The Conquest of the Azores Islands

Antonio, Prior of Crato

Portugal's King Sebastian I died in 1578. It was a big problem. At 24 years of age, he had no sons and barely any family, which meant there was a big gap where an heir should have been.

The Portuguese Empire succumbed to a succession crisis which made it very desirable for the territory-hungry forces around it. England, France and Spain all eyed the progress (or rather, decline) of the situation with very hungry eyes.

That's when a man called Antonio, Prior of Crato comes in.

Royal Elections

As grandson of one of Portugal's previous kings, he thought he should have a go at reigning Portugal. So he made the right connections. As soon as the Spanish learned about him, he became an ally of King Philip II. He soon became the top candidate in a line of successors that included impostors and opportunists.

Philip decided to start a war with Portugal and put Antonio in command. Since he was quite apt at wars at this point, he conquered most of Portugal in two years, but not all of it. There was a small and belligerent bunch of islands who would rather not learn Spanish, be in Spain or lose their nationality at all: the Azores Islands.

The Conquest of the Azores Islands

King Philip tried to avoid as many costly battles as possible and decided to try the diplomatic way (16th century style): he sent a messenger to inform the people of the Azores Islands that if they surrendered, they would benefit from an amnesty. The messenger was promptly kicked out of the island.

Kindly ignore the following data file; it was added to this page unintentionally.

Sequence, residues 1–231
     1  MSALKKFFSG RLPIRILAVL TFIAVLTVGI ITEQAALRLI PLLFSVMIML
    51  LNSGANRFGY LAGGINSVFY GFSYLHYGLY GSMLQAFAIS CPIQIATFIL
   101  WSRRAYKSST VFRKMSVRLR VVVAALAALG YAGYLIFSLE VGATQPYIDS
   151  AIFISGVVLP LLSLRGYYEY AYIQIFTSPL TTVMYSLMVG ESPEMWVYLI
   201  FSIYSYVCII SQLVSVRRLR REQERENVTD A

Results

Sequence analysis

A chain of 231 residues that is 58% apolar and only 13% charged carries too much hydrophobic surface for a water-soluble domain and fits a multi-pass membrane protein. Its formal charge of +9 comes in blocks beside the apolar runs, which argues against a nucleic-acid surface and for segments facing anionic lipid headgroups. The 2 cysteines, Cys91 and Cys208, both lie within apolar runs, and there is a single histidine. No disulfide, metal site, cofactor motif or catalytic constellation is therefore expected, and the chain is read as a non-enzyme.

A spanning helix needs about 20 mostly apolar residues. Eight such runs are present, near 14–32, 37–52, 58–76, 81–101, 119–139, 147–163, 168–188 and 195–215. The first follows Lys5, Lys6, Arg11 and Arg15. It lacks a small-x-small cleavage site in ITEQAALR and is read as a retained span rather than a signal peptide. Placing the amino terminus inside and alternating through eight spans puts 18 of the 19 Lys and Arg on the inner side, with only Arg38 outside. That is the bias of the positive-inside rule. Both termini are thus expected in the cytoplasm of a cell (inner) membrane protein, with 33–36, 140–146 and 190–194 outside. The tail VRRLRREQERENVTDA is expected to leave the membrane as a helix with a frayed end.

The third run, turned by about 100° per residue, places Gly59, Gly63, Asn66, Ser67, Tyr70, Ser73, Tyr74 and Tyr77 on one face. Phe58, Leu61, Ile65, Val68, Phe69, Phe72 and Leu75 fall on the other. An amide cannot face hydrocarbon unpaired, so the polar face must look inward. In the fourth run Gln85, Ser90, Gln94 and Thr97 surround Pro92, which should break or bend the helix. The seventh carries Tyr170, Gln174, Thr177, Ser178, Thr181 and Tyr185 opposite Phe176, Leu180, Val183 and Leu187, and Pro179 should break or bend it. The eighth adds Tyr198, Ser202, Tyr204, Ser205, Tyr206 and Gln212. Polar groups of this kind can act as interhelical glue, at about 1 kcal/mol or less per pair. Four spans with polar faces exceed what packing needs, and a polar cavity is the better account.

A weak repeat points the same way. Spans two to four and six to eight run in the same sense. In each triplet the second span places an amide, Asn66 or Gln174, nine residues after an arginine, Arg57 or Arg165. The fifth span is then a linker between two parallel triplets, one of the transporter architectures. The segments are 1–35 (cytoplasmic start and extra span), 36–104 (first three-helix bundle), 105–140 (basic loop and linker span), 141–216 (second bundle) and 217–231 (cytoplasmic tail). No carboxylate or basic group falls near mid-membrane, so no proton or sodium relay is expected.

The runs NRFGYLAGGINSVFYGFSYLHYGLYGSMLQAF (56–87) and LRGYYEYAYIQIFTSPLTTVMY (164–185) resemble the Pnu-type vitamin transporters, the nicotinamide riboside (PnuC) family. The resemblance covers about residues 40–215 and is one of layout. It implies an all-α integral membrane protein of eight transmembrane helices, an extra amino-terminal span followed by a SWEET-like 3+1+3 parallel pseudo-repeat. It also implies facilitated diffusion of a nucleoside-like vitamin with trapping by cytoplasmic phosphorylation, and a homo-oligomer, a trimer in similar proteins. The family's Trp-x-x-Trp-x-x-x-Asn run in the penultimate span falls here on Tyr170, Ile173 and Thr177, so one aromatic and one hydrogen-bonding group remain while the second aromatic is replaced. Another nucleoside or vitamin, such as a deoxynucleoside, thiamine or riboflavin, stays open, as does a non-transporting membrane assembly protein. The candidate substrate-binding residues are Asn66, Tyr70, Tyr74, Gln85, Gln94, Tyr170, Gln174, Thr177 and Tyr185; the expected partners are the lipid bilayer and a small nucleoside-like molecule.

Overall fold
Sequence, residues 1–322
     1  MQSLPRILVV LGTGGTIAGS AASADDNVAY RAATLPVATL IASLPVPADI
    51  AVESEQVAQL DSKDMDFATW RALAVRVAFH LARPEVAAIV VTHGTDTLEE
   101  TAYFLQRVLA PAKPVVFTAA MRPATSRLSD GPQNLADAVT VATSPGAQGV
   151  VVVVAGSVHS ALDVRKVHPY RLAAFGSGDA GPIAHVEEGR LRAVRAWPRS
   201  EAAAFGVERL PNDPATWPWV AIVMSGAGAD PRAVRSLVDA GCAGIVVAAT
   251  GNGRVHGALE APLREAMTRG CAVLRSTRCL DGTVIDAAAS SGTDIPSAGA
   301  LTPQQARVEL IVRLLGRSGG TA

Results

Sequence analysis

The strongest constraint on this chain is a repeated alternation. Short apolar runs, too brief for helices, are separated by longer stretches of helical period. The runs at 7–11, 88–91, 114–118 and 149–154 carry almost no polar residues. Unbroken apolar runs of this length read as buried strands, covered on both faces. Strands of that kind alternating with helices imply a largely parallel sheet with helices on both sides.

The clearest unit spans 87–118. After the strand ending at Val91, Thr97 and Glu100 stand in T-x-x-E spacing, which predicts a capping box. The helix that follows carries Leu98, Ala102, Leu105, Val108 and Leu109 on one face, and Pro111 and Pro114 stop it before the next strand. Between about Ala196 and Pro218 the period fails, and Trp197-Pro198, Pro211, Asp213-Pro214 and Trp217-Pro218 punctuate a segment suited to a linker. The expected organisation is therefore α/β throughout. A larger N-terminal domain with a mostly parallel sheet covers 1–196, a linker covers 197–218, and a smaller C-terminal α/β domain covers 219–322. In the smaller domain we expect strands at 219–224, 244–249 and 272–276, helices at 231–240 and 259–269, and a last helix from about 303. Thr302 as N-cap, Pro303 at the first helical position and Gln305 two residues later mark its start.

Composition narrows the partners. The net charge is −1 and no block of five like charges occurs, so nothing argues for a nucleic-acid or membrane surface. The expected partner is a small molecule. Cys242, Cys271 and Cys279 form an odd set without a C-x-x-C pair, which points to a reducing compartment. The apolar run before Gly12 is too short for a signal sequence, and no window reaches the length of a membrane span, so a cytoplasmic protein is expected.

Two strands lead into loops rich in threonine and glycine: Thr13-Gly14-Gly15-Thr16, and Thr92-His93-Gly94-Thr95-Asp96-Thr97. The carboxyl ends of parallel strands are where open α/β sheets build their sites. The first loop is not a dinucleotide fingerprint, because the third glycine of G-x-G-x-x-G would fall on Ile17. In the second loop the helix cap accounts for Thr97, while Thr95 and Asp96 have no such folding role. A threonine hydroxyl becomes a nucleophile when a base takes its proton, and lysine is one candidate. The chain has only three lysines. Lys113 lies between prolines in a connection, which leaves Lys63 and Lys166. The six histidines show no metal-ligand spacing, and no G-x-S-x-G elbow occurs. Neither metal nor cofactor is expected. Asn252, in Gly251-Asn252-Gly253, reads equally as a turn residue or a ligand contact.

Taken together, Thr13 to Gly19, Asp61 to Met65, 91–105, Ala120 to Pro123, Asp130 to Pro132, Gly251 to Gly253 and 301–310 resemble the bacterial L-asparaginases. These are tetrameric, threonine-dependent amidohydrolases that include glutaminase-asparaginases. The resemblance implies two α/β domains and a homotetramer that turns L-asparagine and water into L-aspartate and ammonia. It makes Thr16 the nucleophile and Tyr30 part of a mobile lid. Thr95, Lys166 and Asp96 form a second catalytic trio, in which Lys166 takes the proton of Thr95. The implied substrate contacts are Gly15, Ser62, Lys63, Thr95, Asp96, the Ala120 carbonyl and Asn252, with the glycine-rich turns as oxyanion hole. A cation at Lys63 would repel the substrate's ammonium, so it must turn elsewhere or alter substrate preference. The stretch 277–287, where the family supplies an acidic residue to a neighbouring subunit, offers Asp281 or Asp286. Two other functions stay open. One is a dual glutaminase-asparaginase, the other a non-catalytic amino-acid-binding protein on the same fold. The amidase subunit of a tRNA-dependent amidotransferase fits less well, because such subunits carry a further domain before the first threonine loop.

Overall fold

The monarch tried again: one of his treasure fleets, called Pedro Valdés, was just going to pass by the area in its way from America and he sent it to the Azores Islands to offer a new form of pardon. As soon as the Pedro Valdés crew reached the island, its wild bulls were released upon him. In a few minutes, they tore him and his 600-men crew to pieces.

The situation had gotten out of control.

Thankfully, Antonio had the approval of England and Italy. England was too busy with its own business to wage a war against anybody. Italy had no interest in conquering a land so far away. They all conceded that some Spanish class was just what the Portuguese throne needed. With this, Antonio was sufficiently motivated to wage a war against his would-be subjects.

He parted to the area with a fleet. If Azores wanted a war, a war they would have.

Fighting for an Island

It was around that time and France decided it would be cool to have a piece of the Iberian Peninsula and hired a mercenary called Filipo Strozzi to fight in their name. Luckily, Antonio was near the Azores Islands when he learned that Strozzi had sailed. The Portuguese in Azores were alarmed. Two of Europe's most powerful armies were going against them.

Strozzi found it easy to conquer territories like Sao Miguel. The capital, Ponta Delgada, not so much. The Azores Islands took a bit of time to react initially, by when the battle reached the capital, there were ready to put on an all-out naval battle. The best Spanish men from Spain, the best Portuguese and the best from France wound up engaged in a fight to death. The uneven number of the factions at war prevented any kind of alliance to make the situation any better. Everyone was fighting everyone else.

At a point, it seemed like Spain might just lose the campaign, but the tables were turned once the Portuguese changed their mind and decided to attack Strozzi's ships. They managed to sink or capture about 10 of them and killing Strozzi himself. Portugal was left victorious.

A year later, a new fleet of about 16,000 men invaded the Azores and put an end to the whole dispute.